At the end, pick a damper setting that you are comfortable with, just keep in mind, higher doesn't mean better and it definitely does not mean you are putting in more work/strokes than the person with a lower damper setting. Safety/Technique first, power and intensity follows.
No, you did not stumble onto a sneaker website all of a sudden. However, I am going to take this time to discuss footwear. First and foremost there isn't a requirement for footwear, ok there is, no open toed footwear (safety reasons). There are footwear choices out there that will enhance your experience and improve your performance.
Now, shoes will not make you run faster, they won't make you jump higher or lift more weight. They will put you in a comfortable position to perform better overall. Due to our programming a lot of people are confused about the type of footwear they should wear. We do it all, running, jumping, weight lifting, walk on walls, etc. Do I get a running shoe, a training shoe? So many options it'll make your head spin.
Here are some quick suggestions on some stylish yet functional footwear you can use at the box.
Nike Free Run 5.0
Nike Free Run 5.0
It is very common to see this version of the Nike Free Run line at our box. The shoe is light, comfortable and it looks good at the same time. It is a minimalist shoe, but not so minimal that you feel every bump when we send you out on a dreaded "Fire Run". These are made for short runs, and to be light. They may not be optimal for some of the Olympic and weight lifting movements we conduct at the box. The Nike Free Run can be a bit unstable, and may affect set up stance, midline stabilization and weight in the heels. Not a bad shoe but not the best. Another knock on this model is that they burn out quickly, they don't have great durability.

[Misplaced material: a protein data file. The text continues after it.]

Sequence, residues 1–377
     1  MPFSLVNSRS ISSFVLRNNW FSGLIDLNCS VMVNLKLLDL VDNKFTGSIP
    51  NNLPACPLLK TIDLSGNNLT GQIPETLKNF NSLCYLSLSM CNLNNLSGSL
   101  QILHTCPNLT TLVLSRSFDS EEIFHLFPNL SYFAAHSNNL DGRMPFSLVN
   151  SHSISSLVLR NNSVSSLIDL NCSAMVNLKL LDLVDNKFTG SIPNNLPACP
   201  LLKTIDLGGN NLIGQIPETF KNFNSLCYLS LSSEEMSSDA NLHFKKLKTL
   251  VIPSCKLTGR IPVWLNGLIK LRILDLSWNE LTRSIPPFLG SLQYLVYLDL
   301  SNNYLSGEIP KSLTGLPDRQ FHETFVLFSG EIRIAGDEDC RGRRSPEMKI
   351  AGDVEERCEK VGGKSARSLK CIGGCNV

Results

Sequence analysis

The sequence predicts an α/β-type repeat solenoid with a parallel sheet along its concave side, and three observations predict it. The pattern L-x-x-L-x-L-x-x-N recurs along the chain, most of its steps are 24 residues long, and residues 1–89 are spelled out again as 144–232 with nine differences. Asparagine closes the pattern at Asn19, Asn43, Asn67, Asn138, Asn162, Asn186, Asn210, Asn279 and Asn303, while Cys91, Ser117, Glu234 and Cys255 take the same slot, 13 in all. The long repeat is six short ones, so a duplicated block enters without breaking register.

New Balance Minimus
A solid shoe for the type of workouts we conduct. Once again a minimal shoe, hence the name. Can be a little uncomfortable when running outside, since you feel everything. Great for stability when weightlifting.
Reebok Nano U-Form
Marketed as a "Jack of all trades" shoe. Great for CrossFit, since they provide the flat sole for lifting portions of your WOD but also have a good amount of cushioning so you don't feel the pounding of the pavement. Reebok is way ahead of the game when it comes to footwear specific for CrossFit, in fact they have an exclusive agreement when it comes to shoes and apparel. This particular model was the first designed and developed by and for CrossFitters.
Reebok Nano 3.0
This model made it's debut during the 2013 CrossFit Games, and most vendors have had a tough time keeping this model in stock. The shoe is extremely versatile, like the UForm, where it's minimalist enough to provide stability for weight lifting and has enough cushioning to make your runs somewhat comfortable. Both versions of the Nano, have reinforced toe boxes so they wont wear out with all those burpees and wall walks. Highly recommended model, although finding the color you want may be difficult.
Also making it's debut during the 2013 CrossFit Games, this shoe is a specialty shoe. It is Reebok's designated "weightlifting" shoe and comes in an assortment of colorways. This shoe is lighter than other weightlifting shoes on the market, but still provide the flat sole and stiffness needed to provide stability during heavy lifts. Going for a run in these is not recommended.